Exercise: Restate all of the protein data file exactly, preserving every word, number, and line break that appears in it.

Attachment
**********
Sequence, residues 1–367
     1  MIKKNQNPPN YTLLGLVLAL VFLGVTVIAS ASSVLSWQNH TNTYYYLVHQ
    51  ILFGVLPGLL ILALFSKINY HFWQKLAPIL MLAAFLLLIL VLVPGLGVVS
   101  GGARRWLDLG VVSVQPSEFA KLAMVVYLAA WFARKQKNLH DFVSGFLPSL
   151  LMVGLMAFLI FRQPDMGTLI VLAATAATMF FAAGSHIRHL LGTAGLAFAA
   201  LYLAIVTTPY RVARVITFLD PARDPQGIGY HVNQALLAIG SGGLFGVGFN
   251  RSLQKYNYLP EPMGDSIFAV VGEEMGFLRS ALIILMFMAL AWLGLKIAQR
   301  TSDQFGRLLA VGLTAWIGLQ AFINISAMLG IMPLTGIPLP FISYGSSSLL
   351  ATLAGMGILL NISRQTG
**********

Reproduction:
Sequence, residues 1–367
     1  MIKKNQNPPN YTLLGLVLAL VFLGVTVIAS ASSVLSWQNH TNTYYYLVHQ
    51  ILFGVLPGLL ILALFSKINY HFWQKLAPIL MLAAFLLLIL VLVPGLGVVS
   101  GGARRWLDLG VVSVQPSEFA KLAMVVYLAA WFARKQKNLH DFVSGFLPSL
   151  LMVGLMAFLI FRQPDMGTLI VLAATAATMF FAAGSHIRHL LGTAGLAFAA
   201  LYLAIVTTPY RVARVITFLD PARDPQGIGY HVNQALLAIG SGGLFGVGFN
   251  RSLQKYNYLP EPMGDSIFAV VGEEMGFLRS ALIILMFMAL AWLGLKIAQR
   301  TSDQFGRLLA VGLTAWIGLQ AFINISAMLG IMPLTGIPLP FISYGSSSLL
   351  ATLAGMGILL NISRQTG